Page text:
BEHIND THE BLOCK: Stealthy bidding techniques
The auction business encompasses far more than the stuff that’s offered up for bid. There are precise methods, an elemental madness, and an intrinsic humanity that are inherent in the industry. My name is J. Bear Savo, auctioneer and co-owner of Savo Auctioneers, LLC in Archbald. Each week, Behind the Block will explore the facets of auctioneering that are often unconsidered, even by industry insiders.
For example, one would think that bidding at an auction is rather straightforward. Indeed, first-time auction attendees will often ask me how to bid. I tell them that when they wish to bid on an item that they should raise their bidding cards high into the air, and then when they wish to advance the bidding, they should continue to raise their cards or nod distinctly when the auctioneer looks to them. However, some veteran auction-goers adopt bidding techniques that are designed for discretion. Dealers and collectors that regularly attend auctions sometimes feel that they have to mask the fact that they are bidding for two reasons:
- Spite: Animosity can often develop between dealers or between collectors. Some feel that if their bids are obvious that they will be bid against because they are disliked by certain members of an auction crowd.
- Shadows: Experienced dealers sometimes claim that they are bid against by inexperienced dealers because the newbies don’t really know what to buy and what not to buy. Not wanting to divulge their knowledge and be “shadowed” by the rookies, the seasoned dealers attempt to hide their bids.
Whether the aforementioned reasons for covert bidding are substantial or pure paranoia is debatable. As an auctioneer, it has been my experience that people will bid on what they want, when they want, regardless of bid visibility. Nevertheless, many auction-goers employ stealthy bidding techniques. Here are several of my favorites:
This is by far the most common way to conceal a bid. Therefore, in social settings – such as a cocktail party or a bar – people should never attempt to flirt with auctioneers by winking at them. It will only cause confusion.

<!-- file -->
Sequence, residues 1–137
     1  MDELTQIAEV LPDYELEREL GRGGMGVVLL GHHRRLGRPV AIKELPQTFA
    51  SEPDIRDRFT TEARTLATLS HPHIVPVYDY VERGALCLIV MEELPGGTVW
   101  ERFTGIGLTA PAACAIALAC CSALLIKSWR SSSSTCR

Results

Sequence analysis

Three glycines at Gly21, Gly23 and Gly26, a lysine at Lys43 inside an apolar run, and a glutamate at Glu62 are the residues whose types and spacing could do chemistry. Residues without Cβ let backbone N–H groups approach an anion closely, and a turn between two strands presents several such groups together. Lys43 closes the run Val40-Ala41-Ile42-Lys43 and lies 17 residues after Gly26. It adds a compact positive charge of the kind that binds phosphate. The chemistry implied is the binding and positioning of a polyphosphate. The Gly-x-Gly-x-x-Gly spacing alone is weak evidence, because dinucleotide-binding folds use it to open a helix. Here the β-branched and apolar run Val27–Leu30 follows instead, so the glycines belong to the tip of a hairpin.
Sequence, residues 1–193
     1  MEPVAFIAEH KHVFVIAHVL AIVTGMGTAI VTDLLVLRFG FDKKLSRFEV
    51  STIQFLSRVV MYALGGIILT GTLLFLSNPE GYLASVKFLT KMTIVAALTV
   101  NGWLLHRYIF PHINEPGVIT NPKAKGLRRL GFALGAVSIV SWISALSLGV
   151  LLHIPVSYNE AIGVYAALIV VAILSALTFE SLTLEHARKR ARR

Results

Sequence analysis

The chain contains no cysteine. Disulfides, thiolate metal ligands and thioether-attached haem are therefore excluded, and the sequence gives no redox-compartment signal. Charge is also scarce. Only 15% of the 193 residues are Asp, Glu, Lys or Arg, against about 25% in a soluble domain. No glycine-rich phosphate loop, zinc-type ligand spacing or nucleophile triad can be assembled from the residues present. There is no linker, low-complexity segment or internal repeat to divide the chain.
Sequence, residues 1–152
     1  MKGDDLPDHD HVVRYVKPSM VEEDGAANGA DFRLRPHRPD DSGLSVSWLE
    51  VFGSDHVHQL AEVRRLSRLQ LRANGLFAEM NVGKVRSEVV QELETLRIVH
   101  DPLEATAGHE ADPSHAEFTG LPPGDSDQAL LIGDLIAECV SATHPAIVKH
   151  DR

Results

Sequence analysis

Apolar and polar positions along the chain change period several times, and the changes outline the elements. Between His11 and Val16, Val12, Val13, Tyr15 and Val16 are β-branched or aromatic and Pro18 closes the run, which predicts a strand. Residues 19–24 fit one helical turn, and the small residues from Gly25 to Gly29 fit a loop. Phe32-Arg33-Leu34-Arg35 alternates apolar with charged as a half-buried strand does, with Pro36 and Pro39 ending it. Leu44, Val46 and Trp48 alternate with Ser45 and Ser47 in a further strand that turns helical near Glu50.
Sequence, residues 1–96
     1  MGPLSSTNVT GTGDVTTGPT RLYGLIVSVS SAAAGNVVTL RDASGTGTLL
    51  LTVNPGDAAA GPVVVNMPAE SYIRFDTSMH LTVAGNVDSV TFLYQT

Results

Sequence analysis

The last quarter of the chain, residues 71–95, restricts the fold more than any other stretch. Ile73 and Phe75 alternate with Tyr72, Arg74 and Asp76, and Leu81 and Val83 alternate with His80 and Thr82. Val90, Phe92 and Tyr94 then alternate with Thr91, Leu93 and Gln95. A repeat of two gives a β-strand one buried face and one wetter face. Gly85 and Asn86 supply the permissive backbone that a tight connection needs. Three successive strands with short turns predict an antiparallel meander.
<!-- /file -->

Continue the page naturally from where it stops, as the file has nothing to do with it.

A nanosecond is one billionth of a second, and a nanonod is one billionth of a nod. This virtually imperceptible action is preceded by extremely solemn eye contact. Other than auctioneers, the nanonod is only recognized as an expression of affirmation by an elite few, such as secret agents and ninjas.
This clandestine bidding technique is used only by those with bushy mustaches (usually men) and occurs when the bidder purses his lips and waves at the auctioneer with his whiskers. Sometimes, those without mustaches will use a similar technique called the “kissy face.”
Secretive bidders will sometimes turn away from the auctioneer and reach behind themselves as if they are going to scratch their backs. However, instead of raking their nails over an itch, they make some kind of gesture to communicate a bid. This technique is a favorite among retired third base coaches.
Many auctioneers perch themselves upon podiums while selling. The pant-pull bid occurs when a bidder stands behind the auctioneer and bids by tugging on one of the auctioneer’s pant legs. Possible negative results of this technique are obvious and embarrassing.
Similar to the previous, but instead of tugging on the auctioneer’s pant leg, the bidder pokes, prods, pinches, and/or slaps the auctioneer’s legs and buttocks. As a means of stealthy bidding, this technique may be self-defeating depending upon the auctioneer’s reaction.
And so we auctioneers need to be interpreters of sorts. While we’re chanting and scanning the crowd, we sometimes need to determine if we’re receiving bids or amorous invitations to an after-hours romp. If bidders want to unequivocally assure that their desire for an item not be mistaken as desire for the auctioneer, I suggest they just use their bidding cards.